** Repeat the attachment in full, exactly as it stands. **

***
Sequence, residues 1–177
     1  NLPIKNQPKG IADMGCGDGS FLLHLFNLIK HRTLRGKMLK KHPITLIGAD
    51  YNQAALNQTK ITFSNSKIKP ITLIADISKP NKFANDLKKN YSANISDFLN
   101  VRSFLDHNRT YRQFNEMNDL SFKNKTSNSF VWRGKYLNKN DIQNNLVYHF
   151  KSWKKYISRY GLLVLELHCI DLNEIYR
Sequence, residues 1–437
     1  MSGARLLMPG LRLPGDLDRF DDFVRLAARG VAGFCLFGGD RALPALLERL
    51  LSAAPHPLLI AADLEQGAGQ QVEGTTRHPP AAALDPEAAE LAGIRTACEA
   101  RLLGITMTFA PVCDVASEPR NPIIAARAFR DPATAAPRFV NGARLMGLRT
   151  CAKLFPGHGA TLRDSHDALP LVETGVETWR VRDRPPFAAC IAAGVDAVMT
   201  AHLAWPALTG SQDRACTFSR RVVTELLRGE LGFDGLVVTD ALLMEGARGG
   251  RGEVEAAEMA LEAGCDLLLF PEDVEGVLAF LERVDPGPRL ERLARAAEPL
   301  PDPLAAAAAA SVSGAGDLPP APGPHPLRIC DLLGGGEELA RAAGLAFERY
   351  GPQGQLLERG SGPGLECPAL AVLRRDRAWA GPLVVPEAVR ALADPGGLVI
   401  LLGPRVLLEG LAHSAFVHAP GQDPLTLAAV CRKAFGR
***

Sequence, residues 1–177
     1  NLPIKNQPKG IADMGCGDGS FLLHLFNLIK HRTLRGKMLK KHPITLIGAD
    51  YNQAALNQTK ITFSNSKIKP ITLIADISKP NKFANDLKKN YSANISDFLN
   101  VRSFLDHNRT YRQFNEMNDL SFKNKTSNSF VWRGKYLNKN DIQNNLVYHF
   151  KSWKKYISRY GLLVLELHCI DLNEIYR
Sequence, residues 1–437
     1  MSGARLLMPG LRLPGDLDRF DDFVRLAARG VAGFCLFGGD RALPALLERL
    51  LSAAPHPLLI AADLEQGAGQ QVEGTTRHPP AAALDPEAAE LAGIRTACEA
   101  RLLGITMTFA PVCDVASEPR NPIIAARAFR DPATAAPRFV NGARLMGLRT
   151  CAKLFPGHGA TLRDSHDALP LVETGVETWR VRDRPPFAAC IAAGVDAVMT
   201  AHLAWPALTG SQDRACTFSR RVVTELLRGE LGFDGLVVTD ALLMEGARGG
   251  RGEVEAAEMA LEAGCDLLLF PEDVEGVLAF LERVDPGPRL ERLARAAEPL
   301  PDPLAAAAAA SVSGAGDLPP APGPHPLRIC DLLGGGEELA RAAGLAFERY
   351  GPQGQLLERG SGPGLECPAL AVLRRDRAWA GPLVVPEAVR ALADPGGLVI
   401  LLGPRVLLEG LAHSAFVHAP GQDPLTLAAV CRKAFGR